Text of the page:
Sun, Jan 28, 2018 - Page 6 News List

Push for WHO inclusion critical

By Lin Shih-chia 林世嘉

The annual meeting of the WHO’s executive board convened on Jan. 22. The government did not end up pushing Taiwan’s allies to submit a proposal recommending that the WHO’s director-general invite the nation to participate in this year’s World Health Assembly (WHA).

The government failed to seize an opportunity to fight for Taiwan’s right to participate in the international community.

Nevertheless, the Foundation of Medical Professionals Alliance in Taiwan (FMPAT) would like to express its gratitude to board representatives from the US, Swaziland, Nicaragua, El Salvador, Haiti and Japan for speaking up in support of Taiwan’s participation in the WHO.

As Taiwan’s participation is a matter of life and death, the foundation is calling on the government to consider it as a national security issue and do its best to promote the nation’s inclusion.

Prior to the board’s annual meeting, FMPAT offered recommendations to the government through various communication channels.

On Jan. 18, it even held a news conference with legislators from both the legislature’s Foreign and National Defense Committee and the Social Welfare and Environmental Hygiene Committee, repeatedly asking the government to pressure allies to step up in defense of Taiwanese people’s right to health.

Their submitting a proposal to the board would increase Taiwan’s visibility, giving the nation’s request to participate in international organizations a boost of positive momentum.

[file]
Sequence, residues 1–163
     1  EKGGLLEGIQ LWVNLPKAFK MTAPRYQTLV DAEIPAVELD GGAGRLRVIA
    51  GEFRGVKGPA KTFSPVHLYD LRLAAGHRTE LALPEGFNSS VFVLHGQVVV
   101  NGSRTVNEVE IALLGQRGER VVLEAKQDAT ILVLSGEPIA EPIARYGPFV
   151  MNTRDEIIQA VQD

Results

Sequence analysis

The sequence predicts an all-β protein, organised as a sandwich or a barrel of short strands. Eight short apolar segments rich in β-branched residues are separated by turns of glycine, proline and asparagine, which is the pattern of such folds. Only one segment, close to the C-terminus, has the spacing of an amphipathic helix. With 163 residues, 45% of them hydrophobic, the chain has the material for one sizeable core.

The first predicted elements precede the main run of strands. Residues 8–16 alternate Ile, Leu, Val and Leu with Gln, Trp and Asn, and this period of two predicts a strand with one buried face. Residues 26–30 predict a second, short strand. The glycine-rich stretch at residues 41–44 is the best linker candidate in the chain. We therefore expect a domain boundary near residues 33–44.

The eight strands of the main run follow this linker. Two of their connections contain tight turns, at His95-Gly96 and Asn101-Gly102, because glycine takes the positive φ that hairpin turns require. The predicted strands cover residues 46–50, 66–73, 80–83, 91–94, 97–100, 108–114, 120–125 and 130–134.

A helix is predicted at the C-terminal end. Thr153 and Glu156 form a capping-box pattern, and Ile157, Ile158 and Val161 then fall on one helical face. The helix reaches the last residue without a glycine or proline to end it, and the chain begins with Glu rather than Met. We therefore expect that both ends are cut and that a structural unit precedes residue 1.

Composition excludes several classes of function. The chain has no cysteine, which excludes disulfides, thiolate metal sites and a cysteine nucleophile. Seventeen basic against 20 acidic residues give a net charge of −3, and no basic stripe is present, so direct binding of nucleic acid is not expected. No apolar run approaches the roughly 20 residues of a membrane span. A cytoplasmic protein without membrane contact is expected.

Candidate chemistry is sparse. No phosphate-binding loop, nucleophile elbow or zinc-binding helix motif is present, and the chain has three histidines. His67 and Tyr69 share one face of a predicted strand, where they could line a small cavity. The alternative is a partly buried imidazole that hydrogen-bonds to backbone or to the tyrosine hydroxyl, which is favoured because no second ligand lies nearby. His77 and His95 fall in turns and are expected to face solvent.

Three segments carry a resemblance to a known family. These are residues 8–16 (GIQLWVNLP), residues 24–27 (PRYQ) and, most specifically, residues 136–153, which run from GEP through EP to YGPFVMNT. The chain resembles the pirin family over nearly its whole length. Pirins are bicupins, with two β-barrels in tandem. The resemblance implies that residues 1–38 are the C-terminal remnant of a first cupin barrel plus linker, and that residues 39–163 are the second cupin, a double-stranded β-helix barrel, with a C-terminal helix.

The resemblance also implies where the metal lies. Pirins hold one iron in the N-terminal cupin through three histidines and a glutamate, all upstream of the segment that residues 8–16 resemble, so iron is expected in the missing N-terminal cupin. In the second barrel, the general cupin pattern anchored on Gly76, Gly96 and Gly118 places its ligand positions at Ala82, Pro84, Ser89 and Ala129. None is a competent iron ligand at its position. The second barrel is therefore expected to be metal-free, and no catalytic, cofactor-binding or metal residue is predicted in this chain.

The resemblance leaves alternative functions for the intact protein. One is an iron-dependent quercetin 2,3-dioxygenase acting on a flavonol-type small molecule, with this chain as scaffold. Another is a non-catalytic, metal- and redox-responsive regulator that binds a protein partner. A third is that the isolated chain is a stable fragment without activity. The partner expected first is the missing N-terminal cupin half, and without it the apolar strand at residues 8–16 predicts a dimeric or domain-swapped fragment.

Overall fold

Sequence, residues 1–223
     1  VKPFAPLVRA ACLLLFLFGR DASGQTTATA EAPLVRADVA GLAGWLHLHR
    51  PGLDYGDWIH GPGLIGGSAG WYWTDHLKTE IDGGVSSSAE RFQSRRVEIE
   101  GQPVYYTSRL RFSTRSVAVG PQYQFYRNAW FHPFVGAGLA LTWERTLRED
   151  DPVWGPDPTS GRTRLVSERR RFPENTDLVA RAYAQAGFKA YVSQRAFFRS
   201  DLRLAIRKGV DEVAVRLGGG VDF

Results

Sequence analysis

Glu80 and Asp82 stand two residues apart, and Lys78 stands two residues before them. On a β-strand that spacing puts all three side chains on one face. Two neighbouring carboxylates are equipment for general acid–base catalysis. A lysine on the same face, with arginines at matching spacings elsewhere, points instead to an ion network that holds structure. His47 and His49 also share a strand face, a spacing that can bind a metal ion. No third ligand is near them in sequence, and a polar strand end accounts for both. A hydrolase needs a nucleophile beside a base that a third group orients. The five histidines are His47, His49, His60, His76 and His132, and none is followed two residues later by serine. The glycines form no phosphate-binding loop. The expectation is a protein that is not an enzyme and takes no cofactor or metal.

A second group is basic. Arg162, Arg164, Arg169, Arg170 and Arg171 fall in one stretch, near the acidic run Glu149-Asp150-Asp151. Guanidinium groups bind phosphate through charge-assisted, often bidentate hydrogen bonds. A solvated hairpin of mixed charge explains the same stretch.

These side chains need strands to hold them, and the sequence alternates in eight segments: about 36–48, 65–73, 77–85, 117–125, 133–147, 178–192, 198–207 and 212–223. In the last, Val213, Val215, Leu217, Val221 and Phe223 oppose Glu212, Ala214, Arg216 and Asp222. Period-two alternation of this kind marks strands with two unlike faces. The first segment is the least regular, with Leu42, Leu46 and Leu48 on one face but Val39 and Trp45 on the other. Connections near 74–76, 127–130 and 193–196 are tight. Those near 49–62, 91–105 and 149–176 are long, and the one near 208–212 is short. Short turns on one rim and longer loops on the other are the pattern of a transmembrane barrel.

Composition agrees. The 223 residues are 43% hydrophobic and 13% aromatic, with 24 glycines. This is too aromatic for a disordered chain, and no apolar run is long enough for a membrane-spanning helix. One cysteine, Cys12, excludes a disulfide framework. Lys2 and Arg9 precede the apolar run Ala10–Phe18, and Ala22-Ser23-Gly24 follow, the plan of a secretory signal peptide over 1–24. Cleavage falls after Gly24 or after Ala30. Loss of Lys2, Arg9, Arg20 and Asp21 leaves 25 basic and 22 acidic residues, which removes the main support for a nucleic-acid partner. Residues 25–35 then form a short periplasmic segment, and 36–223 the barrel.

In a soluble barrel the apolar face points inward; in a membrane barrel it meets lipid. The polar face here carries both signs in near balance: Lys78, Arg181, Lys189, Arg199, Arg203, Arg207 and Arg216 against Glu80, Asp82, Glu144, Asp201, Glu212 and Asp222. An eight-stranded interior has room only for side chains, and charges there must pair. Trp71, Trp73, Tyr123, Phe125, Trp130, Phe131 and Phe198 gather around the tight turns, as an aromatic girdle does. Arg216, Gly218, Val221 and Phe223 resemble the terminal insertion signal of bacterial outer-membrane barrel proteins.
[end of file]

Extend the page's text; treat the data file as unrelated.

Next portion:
Although the government chose not to request support from its allies, it is much appreciated that those allies have emphasized, along with other like-minded countries, that exclusion of Taiwan from the global health network could affect public health preparedness and responses. There is the risk of a pandemic stemming from such an exclusion — something the WHO must deal with.

Although the nation participated in the WHA as an observer from 2009 to 2016, China blocked Taiwan from attending last year.

However, the nation should continue its efforts to have a proposal submitted because there has been unprecedented support from its allies since last year. Otherwise, it is likely that Taiwan’s request to participate could sink from public view.

The executive board commands the spotlight in the field of global health. Its annual meeting is even going to be streamed live across the globe. Therefore, Taiwan should take action instead of adopting a wait-and-see attitude. The annual meeting is the platform for letting the world know which country has put the lives of Taiwan’s 23 million people and their right to health at stake because of a political power struggle.

With additional challenges lying ahead this year, if our government waits until the WHA session to request a two-on-two debate — the strategy used last year — the discussion of Taiwan’s participation is likely to become a mere formality. Taiwanese might even suspect it to have been a diplomatic fraud perpetuated by their government.

Last year, the Ukrainian delegation lodged a stern protest against the Russian Federation being named assembly president. During the session, Ethiopian civic organizations declared their dissatisfaction with newly elected WHO director-general Tedros Adhanom Ghebreyesus.

Clearly, everyone has the right to voice an opinion in the WHO. Requesting that people compromise on their demands so as not to disrupt harmony and order should not be allowed.

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